- Martini H, Rodeghiero C, VAN DEN Poel C, Vincent M, Pierard D, Huygen K. Pertussis diagnosis in Belgium: results of the National Reference Centre for Bordetella anno 2015. Epidemiol Infect. 2017;145:2366–73. DOIPubMedGoogle Scholar
- Lam C, Octavia S, Bahrame Z, Sintchenko V, Gilbert GL, Lan R. Selection and emergence of pertussis toxin promoter ptxP3 allele in the evolution of Bordetella pertussis. Infect Genet Evol. 2012;12:492–5. DOIPubMedGoogle Scholar
- Bowden KE, Williams MM, Cassiday PK, Milton A, Pawloski L, Harrison M, et al. Molecular epidemiology of the pertussis epidemic in Washington State in 2012. J Clin Microbiol. 2014;52:3549–57. DOIPubMedGoogle Scholar
- van Gent M, Heuvelman CJ, van der Heide HG, Hallander HO, Advani A, Guiso N, et al. Analysis of Bordetella pertussis clinical isolates circulating in European countries during the period 1998-2012. Eur J Clin Microbiol Infect Dis. 2015;34:821–30. DOIPubMedGoogle Scholar
- Bart MJ, Harris SR, Advani A, Arakawa Y, Bottero D, Bouchez V, et al. Global population structure and evolution of Bordetella pertussis and their relationship with vaccination. MBio. 2014;5:e01074–14. DOIPubMedGoogle Scholar
- Moriuchi T, Vichit O, Vutthikol Y, Hossain MS, Samnang C, Toda K, et al. Molecular epidemiology of Bordetella pertussis in Cambodia determined by direct genotyping of clinical specimens. Int J Infect Dis. 2017;62:56–8. DOIPubMedGoogle Scholar
- Miyaji Y, Otsuka N, Toyoizumi-Ajisaka H, Shibayama K, Kamachi K. Genetic analysis of Bordetella pertussis isolates from the 2008-2010 pertussis epidemic in Japan. PLoS One. 2013;8:
e77165. DOIPubMedGoogle Scholar
- Breakwell L, Kelso P, Finley C, Schoenfeld S, Goode B, Misegades LK, et al. Pertussis vaccine effectiveness in the setting of pertactin-deficient pertussis. Pediatrics. 2016;137:
e20153973. DOIPubMedGoogle Scholar
- Etskovitz H, Anastasio N, Green E, May M. Role of evolutionary selection scting on vaccine antigens in the re-emergence of Bordetella pertussis. Diseases. 2019;7:35. DOIPubMedGoogle Scholar
- Safarchi A, Octavia S, Nikbin VS, Lotfi MN, Zahraei SM, Tay CY, et al. Genomic epidemiology of Iranian Bordetella pertussis: 50 years after the implementation of whole cell vaccine. Emerg Microbes Infect. 2019;8:1416–27. DOIPubMedGoogle Scholar
- Carriquiriborde F, Regidor V, Aispuro PM, Magali G, Bartel E, Bottero D, et al. Rare detection of Bordetella pertussis pertactin-deficient strains in Argentina. Emerg Infect Dis. 2019;25:2048–54. DOIPubMedGoogle Scholar
- Safarchi A, Octavia S, Luu LD, Tay CY, Sintchenko V, Wood N, et al. Pertactin negative Bordetella pertussis demonstrates higher fitness under vaccine selection pressure in a mixed infection model. Vaccine. 2015;33:6277–81. DOIPubMedGoogle Scholar
- Carvalho CFA, Andrews N, Dabrera G, Ribeiro S, Stowe J, Ramsay M, et al. National Outbreak of Pertussis in England, 2011–2012: a case-control study comparing 3-component and 5-component acellular vaccines with whole-cell pertussis vaccines. Clin Infect Dis. 2020;70:200–7. DOIPubMedGoogle Scholar
- van Twillert I, Bonačić Marinović AA, Kuipers B, van Gaans-van den Brink JAM, Sanders EAM, van Els CACM. Impact of age and vaccination history on long-term serological responses after symptomatic B. pertussis infection, a high dimensional data analysis. Sci Rep. 2017;7:40328. DOIPubMedGoogle Scholar
- Olin P, Rasmussen F, Gustafsson L, Hallander HO, Heijbel H; Ad Hoc Group for the Study of Pertussis Vaccines. Randomised controlled trial of two-component, three-component, and five-component acellular pertussis vaccines compared with whole-cell pertussis vaccine. Lancet. 1997;350:1569–77. DOIPubMedGoogle Scholar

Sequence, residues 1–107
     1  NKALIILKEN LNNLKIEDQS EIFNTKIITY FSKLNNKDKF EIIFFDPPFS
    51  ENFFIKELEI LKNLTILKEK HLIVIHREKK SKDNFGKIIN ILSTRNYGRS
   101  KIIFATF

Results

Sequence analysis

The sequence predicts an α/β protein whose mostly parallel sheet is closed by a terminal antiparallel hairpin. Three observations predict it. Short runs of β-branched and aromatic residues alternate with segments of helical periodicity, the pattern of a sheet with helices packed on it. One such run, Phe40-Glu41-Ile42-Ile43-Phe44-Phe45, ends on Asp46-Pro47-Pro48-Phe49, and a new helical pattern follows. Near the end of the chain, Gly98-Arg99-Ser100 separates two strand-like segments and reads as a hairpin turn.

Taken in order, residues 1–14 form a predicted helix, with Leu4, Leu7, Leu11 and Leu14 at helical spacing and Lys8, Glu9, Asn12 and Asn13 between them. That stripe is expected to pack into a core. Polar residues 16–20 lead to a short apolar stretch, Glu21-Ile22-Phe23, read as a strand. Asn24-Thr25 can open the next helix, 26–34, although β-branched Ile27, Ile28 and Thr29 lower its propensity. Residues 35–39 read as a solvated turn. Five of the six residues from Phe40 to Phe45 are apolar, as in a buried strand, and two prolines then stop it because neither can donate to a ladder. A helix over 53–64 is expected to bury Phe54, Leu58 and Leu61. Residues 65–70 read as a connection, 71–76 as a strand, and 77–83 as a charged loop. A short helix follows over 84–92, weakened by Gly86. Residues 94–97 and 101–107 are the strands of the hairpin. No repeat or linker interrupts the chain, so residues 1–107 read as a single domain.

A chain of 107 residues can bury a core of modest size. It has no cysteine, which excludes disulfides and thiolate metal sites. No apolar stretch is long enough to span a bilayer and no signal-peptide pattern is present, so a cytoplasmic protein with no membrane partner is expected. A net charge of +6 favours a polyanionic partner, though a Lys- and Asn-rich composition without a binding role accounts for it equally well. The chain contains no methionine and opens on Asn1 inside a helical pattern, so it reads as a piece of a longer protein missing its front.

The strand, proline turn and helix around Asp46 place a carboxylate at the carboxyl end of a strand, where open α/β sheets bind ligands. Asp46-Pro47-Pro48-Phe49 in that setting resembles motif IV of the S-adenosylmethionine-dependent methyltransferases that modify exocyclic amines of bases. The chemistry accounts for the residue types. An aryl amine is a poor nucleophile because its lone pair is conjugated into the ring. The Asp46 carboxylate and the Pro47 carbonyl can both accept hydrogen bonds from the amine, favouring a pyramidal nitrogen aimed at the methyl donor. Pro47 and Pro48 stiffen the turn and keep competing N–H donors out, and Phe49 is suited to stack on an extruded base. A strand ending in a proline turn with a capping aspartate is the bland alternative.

- Zeddeman A, van Gent M, Heuvelman CJ, van der Heide HG, Bart MJ, Advani A, et al. Investigations into the emergence of pertactin-deficient Bordetella pertussis isolates in six European countries, 1996 to 2012. Euro Surveill. 2014;19:20881. DOIPubMedGoogle Scholar
- Weigand MR, Williams MM, Peng Y, Kania D, Pawloski LC, Tondella ML; CDC Pertussis Working Group. Genomic survey of Bordetella pertussis diversity, United States, 2000–2013. Emerg Infect Dis. 2019;25:780–3. DOIPubMedGoogle Scholar
- Xu Z, Octavia S, Luu LDW, Payne M, Timms V, Tay CY, et al. Pertactin-negative and filamentous hemagglutinin-negative Bordetella pertussis, Australia, 2013–2017. Emerg Infect Dis. 2019;25:1196–9. DOIPubMedGoogle Scholar
- Weigand MR, Peng Y, Cassiday PK, Loparev VN, Johnson T, Juieng P, et al. Complete genome sequences of Bordetella pertussis isolates with novel pertactin-deficient deletions. Genome Announc. 2017;5:e00973–17. DOIPubMedGoogle Scholar
- Tsang RS, Shuel M, Jamieson FB, Drews S, Hoang L, Horsman G, et al. Pertactin-negative Bordetella pertussis strains in Canada: characterization of a dozen isolates based on a survey of 224 samples collected in different parts of the country over the last 20 years. Int J Infect Dis. 2014;28:65–9. DOIPubMedGoogle Scholar
- Lam C, Octavia S, Ricafort L, Sintchenko V, Gilbert GL, Wood N, et al. Rapid increase in pertactin-deficient Bordetella pertussis isolates, Australia. Emerg Infect Dis. 2014;20:626–33. DOIPubMedGoogle Scholar
- Uelze L, Grützke J, Borowiak M, Hammerl JA, Juraschek K, Deneke C, et al. Typing methods based on whole genome sequencing data. One Health Outlook. 2020;2:3. DOIGoogle Scholar
- Jolley KA, Bray JE, Maiden MCJ. Open-access bacterial population genomics: BIGSdb software, the PubMLST.org website and their applications. Wellcome Open Res. 2018;3:124. DOIPubMedGoogle Scholar
TablesCite This Article
Original Publication Date: February 10, 2021
Table of Contents – Volume 27, Number 3—March 2021
|EID Search Options|
|Advanced Article Search – Search articles by author and/or keyword.|
|Articles by Country Search – Search articles by the topic country.|
|Article Type Search – Search articles by article type and issue.|
Please use the form below to submit correspondence to the authors or contact them at the following address:
Adriana Cabal Rosel, Austrian Agency for Health and Food Safety, Währingerstraße 25a, 1096 Vienna, Austria